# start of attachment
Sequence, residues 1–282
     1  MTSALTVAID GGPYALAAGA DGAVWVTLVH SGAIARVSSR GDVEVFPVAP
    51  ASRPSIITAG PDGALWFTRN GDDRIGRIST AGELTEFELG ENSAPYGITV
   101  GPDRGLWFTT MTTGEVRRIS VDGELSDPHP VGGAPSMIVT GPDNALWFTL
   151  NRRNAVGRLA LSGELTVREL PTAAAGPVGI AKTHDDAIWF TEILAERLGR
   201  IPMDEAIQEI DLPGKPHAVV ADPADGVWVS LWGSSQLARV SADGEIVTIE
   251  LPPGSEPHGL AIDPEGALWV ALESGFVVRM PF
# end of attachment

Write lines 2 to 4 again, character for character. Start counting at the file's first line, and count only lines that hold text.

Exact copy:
     1  MTSALTVAID GGPYALAAGA DGAVWVTLVH SGAIARVSSR GDVEVFPVAP
    51  ASRPSIITAG PDGALWFTRN GDDRIGRIST AGELTEFELG ENSAPYGITV
   101  GPDRGLWFTT MTTGEVRRIS VDGELSDPHP VGGAPSMIVT GPDNALWFTL